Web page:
On the Road Review: Audi A4 Allroad 2.0T Quattro

In the history of all-wheel-drive cars, German-produced models have generated tons of interest and acclaim. Audi has certainly earned the most recognition with its Quattro-equipped models winning races the world over.

For 2017, Audi revives the Allroad model in its latest A4 wagon series. Unlike the Avant, the Allroad moniker embraces the taller tires and wheels that generate over an inch of greater ground clearance, as well as the one-off body cladding and exaggerated exterior styling and larger roof rails of the previous Allroad. The look is both Audi-like rich and handsomely rugged as the Allroad stretches the paradigm between conventional wagon body and Subaru-esque crossover.

There is a definite difference in how a sedan/wagon drives compared to a taller crossover — no matter who makes it. Similar in size to the brand’s Q5 crossover (the Q5 is actually 5 inches shorter), the A4 Allroad seems lithe, responsive and more accurate in all manipulations of the pedals and steering wheel. The new 2.0-liter turbo-four makes a strong 252 hp, with 273 pound/feet of torque available from very low in the engine revolutions. Teamed with a seven-speed dual-clutch automatic transmission, the 3,850-pound Audi moves out quickly, smartly and more efficiently than its crossover sibling — earning EPA ratings of 23/28 mpg.

Let it also be noted that the Audi’s engine size is apparently becoming an industry-wide standard. Two-liter four-cylinder motors, more often than not mated to a multi-scroll turbocharger, are being used in Audi/VW products, GM, Mercedes and Infiniti vehicles, as well as a host of other automakers’ products. Lacking the annoying vibration and sound deficiencies of previous generation four-cylinder engines, these new powerhouses are smooth, refined performers that generate excellent power characteristics while seeking to meet revised fuel economy standards. Lighter than V-6 or V-8 engines, these smaller displacement engines allow engineers greater flexibility in packaging as well as aid efforts toward designing safer, more rigid bodies.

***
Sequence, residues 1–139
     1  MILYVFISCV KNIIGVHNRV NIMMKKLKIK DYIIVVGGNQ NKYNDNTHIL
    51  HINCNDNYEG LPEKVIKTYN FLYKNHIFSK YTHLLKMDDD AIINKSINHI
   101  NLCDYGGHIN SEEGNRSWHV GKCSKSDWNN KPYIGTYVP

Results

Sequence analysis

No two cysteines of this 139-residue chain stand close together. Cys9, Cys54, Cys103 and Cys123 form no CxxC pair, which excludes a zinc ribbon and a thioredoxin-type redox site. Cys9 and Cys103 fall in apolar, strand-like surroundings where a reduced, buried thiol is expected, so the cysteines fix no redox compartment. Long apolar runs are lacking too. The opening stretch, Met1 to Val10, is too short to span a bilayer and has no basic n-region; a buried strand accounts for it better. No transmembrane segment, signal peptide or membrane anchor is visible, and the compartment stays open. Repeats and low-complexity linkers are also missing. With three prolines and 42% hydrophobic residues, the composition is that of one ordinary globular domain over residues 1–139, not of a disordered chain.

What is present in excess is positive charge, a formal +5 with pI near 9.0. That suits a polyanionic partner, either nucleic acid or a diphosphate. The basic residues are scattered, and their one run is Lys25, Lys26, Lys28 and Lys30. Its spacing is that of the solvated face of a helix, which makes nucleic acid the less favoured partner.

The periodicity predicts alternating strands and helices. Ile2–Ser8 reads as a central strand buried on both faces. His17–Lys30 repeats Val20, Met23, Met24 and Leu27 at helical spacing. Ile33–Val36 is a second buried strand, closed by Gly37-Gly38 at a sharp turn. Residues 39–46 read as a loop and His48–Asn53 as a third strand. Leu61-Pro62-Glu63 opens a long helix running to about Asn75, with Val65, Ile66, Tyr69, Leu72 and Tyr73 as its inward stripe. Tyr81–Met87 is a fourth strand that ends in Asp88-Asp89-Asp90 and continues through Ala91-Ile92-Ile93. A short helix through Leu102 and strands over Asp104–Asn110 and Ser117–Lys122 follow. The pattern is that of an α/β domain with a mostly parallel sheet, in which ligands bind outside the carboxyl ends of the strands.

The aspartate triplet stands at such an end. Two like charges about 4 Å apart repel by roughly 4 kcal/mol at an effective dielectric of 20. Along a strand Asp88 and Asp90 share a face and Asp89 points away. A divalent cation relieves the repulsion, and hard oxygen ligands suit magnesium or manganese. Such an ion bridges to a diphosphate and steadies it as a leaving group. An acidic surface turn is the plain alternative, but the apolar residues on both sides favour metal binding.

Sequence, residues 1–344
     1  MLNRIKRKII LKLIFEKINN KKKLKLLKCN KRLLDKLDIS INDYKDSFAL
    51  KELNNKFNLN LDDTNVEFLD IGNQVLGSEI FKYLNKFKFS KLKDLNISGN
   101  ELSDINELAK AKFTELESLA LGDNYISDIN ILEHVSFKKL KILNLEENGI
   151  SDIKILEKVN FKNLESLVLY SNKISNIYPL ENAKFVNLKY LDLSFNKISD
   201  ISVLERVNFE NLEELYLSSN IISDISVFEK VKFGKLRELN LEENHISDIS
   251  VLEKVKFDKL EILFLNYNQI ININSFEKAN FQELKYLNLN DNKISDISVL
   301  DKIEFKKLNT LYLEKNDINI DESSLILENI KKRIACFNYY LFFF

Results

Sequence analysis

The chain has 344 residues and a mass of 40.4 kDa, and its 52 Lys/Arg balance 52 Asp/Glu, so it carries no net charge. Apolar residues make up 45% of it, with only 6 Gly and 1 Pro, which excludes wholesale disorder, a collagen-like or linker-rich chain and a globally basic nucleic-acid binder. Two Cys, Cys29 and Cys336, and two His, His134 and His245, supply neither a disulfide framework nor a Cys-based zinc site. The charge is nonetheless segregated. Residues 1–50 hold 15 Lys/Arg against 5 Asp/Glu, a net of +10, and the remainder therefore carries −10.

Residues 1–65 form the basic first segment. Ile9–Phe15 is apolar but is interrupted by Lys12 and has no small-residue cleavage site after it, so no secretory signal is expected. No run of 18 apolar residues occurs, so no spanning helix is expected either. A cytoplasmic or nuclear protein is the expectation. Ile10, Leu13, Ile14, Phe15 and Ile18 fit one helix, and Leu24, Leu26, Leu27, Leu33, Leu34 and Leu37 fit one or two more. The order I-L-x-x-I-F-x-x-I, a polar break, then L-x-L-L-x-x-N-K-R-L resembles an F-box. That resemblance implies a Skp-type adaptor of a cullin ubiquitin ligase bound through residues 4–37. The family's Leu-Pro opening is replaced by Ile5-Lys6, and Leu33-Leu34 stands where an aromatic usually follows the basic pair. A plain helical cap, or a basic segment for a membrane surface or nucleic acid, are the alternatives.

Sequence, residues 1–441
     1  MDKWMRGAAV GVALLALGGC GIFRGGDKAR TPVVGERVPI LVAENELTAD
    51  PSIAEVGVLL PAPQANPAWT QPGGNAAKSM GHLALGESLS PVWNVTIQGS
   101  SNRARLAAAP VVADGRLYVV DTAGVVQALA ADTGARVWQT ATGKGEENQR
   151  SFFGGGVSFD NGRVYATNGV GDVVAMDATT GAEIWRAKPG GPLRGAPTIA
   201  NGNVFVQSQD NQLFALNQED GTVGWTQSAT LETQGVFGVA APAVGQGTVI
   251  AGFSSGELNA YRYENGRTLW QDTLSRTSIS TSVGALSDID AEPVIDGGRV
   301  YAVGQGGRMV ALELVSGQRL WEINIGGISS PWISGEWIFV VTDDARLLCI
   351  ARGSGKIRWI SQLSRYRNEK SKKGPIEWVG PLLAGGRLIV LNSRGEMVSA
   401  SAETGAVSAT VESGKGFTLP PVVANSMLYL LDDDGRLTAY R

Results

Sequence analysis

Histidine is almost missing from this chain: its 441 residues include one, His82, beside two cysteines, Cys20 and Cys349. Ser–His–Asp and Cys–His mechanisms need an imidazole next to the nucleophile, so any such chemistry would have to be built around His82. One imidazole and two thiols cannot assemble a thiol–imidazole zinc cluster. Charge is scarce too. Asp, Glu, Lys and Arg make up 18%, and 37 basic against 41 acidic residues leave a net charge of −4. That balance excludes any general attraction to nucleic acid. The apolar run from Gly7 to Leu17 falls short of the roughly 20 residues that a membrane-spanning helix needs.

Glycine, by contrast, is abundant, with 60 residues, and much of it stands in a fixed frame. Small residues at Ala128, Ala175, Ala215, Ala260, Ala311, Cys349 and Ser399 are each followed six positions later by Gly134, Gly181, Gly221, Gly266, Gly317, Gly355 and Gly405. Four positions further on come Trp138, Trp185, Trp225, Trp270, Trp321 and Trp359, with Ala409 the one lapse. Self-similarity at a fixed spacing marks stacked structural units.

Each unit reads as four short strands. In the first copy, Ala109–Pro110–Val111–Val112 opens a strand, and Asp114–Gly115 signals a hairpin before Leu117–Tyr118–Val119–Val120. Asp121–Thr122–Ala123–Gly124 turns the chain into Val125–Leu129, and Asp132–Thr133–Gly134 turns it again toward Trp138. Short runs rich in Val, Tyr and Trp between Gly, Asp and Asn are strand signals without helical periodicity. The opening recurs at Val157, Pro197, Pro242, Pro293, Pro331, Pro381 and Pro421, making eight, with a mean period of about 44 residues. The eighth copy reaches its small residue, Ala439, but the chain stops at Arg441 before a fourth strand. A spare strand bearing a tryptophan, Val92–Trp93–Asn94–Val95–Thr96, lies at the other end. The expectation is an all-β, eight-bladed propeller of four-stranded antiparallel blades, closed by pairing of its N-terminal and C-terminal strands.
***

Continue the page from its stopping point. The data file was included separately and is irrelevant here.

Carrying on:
We also get to see the different approaches to transmission designs as every automaker seeks the technology that rewards driver wants for efficiency and simplicity, against the vagaries for costs and complexity. With 8-, 9- and 10-speed automatics becoming in vogue, Audi employs a seven-speed dual-clutch transmission here — a design that many German automakers are both familiar with and seemingly happy with its performance. Employed with the 2.0-liter turbo-engine, the Audi is a seamless performer with quick power and effortless cruising. Like all German-engineered products, the Audi cruises discreetly and packs a big punch when supersonic velocities are requested.

Audi also changes up its vaunted Quattro all-wheel drive hardware here in an effort to reduce driveline wear and increase day-to-day fuel economy. Called Quattro with Ultra Technology, the Allroad uses clutches at the each end of the rear axle that engage when the front wheels slip. There is no center differential as normally used on Quattro-equipped cars. This apparent front-drive emphasis does not rear its ugly head when heavy throttle use is applied, as front torque steer is well managed.

The car’s exterior styling is attractive, tasteful. LED lighting and limited doses of body enhancements maximize the Audi’s appeal. It is obvious the Allroad is a taller Audi wagon, yet the car lacks the outsized muscular stance of the first Allroad wagon from over a decade ago. This is good.

Inside, Audi’s usually high design standards are consistently apparent throughout the cabin. Heated power thrones, heated leather steering wheel and simple auto-climate controls make for simple cold-morning starts. The huge configurable Virtual Cockpit layout ahead of the driver provides clear digital mapping and tons of selectable information, complimented by the color heads-up display on the windshield. In Prestige trim, the top of three ($44,950 to $55,575), there was also a 19-speaker 755-watt Bang and Olufsen audio system that will rock your world; volume is controlled by a wheel on the side of the center console, or, the steering wheel button — nothing on the dash or the screen. A panoramic sunroof and a foot-activated rear power liftgate are also available.

In top trim, the standard rear view camera is replaced by a 360-degree TopView display that will make you wonder where the overhead drone goes when not in reverse. Keyless access and ignition, plus a plethora of electronic driving aids are also included or available.

Only two complaints inside; the console shifter requires you depress the Park button on the rear of the shifter when stopping — there is no detent or back-and-forth “gear” for park. It is an odd action and requires that you look and activate the button. And, the overhead sunshade doesn’t block all of the overhead sun — which is OK in winter, but maybe not so much in summer. Rear seating features a 40/20/40 spit-folding seatback to maximize cargo/people hauling, while the rear seat handily carries two adults comfortably, three perhaps a little less so.

Painted a rich Moonlight Blue Metallic, our Allroad possessed an understated elegance. It was comfortable to use, a pleasure to drive and a trip-worthy wagon with more driving verve and handling confidence than a comparable tall crossover. Many buyers won’t move back to wagons for a while — the market is too happy with crossovers — yet car buyers who want traditional wagon qualities, plus AWD, have a splendid option in this A4 Allroad.

Tim Plouff

Tim Plouff

Columnist at The Ellsworth American
Tim Plouff has been reviewing automobiles in the pages of The Ellsworth American weekly for nearly two decades.
Tim Plouff

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